Hurry, someone tell the Speaker. He obviously doesn’t know this stuff!
 
Digging deeper, it turns out that the last time the state budget was running surpluses, at the beginning of the prior decade, there was a permanent tax cut. Apparently those voting in favor were unaware recessions happen once in while. They’re inevitable actually. We don’t know when the next recession will hit, what will cause it, or how bad it will be, but it will happen. The last tax cut during a surplus blew up in our faces, causing a decade of fiscal crises as Republicans refused to do the unavoidable and raise taxes. The chronic crises ended when Gov. Dayton and the DFL legislature raised taxes on upper incomes. So now Republicans propose doing exactly what they did before that turned out to be a huge mistake. Too bad they don’t have access to any records from that time so they could look up what happened.
 
Another correction, sorry: turns out Republicans do have access to records from that time, and some were even around then, so I’m mystified by what they’re doing. Can’t imagine the reason.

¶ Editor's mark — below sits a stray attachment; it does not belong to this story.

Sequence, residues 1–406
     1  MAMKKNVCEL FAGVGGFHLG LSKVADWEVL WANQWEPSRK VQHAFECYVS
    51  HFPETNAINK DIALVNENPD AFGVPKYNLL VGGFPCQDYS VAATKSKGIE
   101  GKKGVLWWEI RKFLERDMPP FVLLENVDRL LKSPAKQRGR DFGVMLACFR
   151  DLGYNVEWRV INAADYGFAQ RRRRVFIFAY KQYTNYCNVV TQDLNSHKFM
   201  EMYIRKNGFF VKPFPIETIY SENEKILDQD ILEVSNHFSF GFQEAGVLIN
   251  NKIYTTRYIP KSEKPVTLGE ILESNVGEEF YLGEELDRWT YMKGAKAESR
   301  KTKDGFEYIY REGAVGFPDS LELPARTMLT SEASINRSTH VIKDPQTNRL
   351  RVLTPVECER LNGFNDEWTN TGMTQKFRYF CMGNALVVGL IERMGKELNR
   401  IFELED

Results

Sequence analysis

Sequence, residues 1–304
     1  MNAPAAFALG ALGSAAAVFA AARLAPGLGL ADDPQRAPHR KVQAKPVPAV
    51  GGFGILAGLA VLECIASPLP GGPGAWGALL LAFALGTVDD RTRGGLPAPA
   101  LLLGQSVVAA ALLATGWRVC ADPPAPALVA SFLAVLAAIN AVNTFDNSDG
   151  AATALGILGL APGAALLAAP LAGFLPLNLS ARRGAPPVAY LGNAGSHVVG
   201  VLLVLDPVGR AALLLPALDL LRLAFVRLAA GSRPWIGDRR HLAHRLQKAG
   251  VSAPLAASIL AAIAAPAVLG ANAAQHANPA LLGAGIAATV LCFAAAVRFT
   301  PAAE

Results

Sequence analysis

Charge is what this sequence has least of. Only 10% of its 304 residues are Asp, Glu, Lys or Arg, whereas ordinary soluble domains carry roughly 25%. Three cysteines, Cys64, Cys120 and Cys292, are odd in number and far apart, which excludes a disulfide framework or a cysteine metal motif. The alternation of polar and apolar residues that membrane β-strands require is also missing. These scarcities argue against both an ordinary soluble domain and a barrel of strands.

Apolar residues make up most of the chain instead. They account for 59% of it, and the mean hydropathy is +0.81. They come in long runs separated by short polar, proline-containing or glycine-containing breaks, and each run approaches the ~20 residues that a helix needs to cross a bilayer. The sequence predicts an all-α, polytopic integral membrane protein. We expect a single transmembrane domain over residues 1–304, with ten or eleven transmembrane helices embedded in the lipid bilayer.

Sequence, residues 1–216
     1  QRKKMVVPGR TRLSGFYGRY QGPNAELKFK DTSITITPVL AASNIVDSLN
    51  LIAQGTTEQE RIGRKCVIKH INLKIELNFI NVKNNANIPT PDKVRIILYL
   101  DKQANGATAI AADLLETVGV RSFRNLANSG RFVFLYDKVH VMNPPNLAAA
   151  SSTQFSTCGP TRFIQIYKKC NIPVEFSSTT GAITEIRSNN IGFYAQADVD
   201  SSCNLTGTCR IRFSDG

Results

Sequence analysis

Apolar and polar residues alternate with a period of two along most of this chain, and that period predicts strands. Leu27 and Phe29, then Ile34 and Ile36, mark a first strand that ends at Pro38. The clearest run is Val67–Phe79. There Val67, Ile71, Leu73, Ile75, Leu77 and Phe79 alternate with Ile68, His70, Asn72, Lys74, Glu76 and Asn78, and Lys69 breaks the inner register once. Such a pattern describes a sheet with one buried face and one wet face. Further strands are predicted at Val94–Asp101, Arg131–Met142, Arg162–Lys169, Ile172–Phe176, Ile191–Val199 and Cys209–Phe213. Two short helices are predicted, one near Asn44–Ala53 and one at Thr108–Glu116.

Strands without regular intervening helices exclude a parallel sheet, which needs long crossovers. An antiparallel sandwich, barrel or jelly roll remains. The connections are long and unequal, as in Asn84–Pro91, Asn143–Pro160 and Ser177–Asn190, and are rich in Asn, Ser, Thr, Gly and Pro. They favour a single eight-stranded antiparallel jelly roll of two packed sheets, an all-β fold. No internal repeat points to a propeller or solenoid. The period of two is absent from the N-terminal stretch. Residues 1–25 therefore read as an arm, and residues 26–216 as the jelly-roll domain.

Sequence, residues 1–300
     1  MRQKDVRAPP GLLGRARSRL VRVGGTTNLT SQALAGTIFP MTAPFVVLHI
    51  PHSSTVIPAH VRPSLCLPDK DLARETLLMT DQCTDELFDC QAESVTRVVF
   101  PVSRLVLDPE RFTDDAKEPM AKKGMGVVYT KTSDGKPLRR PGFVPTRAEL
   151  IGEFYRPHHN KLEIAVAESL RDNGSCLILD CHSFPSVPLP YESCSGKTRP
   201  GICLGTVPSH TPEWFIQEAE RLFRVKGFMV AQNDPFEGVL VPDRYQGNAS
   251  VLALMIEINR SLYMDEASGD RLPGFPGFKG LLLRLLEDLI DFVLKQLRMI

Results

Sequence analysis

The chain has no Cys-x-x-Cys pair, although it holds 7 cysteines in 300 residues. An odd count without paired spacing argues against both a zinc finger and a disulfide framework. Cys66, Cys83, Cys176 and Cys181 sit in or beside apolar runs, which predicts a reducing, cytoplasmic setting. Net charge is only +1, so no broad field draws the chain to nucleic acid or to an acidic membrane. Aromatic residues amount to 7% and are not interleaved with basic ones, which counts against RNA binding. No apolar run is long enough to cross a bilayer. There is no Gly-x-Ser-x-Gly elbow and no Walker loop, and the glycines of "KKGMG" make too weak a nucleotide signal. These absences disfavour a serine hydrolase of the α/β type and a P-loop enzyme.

Wait, stop, enough. I admit it, I’m not mystified. I can imagine. I burned through my snark supply. I have hit the snark wall. In reality, I do want to be fair, and the fact is Gov. Dayton’s proposal uses the surplus to pay for universal pre-k. For the foreseeable future, this has the same fiscal problem as the Republicans’ permanent tax cuts in that it assumes the surplus will recur every biennium, or that the money will somehow be found another way. The surplus is temporary, and since I actually do remember that the tax cuts before the first Bush recession caused one budget shortfall after another, and a decade of governing by crisis, I’m skeptical of doing anything with the surplus other than something one-time. Save it, or use it to pay for the projects in the bonding bill instead of issuing bonds; one-time use for one-time money. I am torn though, because universal pre-k is actually a good idea. Education is an investment which pays off in the form of a more educated populace, and more educated people tend to be more productive, make more money, create more jobs. The hard part of selling it is that since we’re talking about four-year-olds, we’re going to wait about 20 year for the pay-off, and we just know Republicans are going to be complaining about all the money we’re spending. There is actually a stimulative effect from the jobs this will create immediately, though the investment part comes in when the children who benefit become self-supporting adults earning decent incomes and paying back into the public coffers.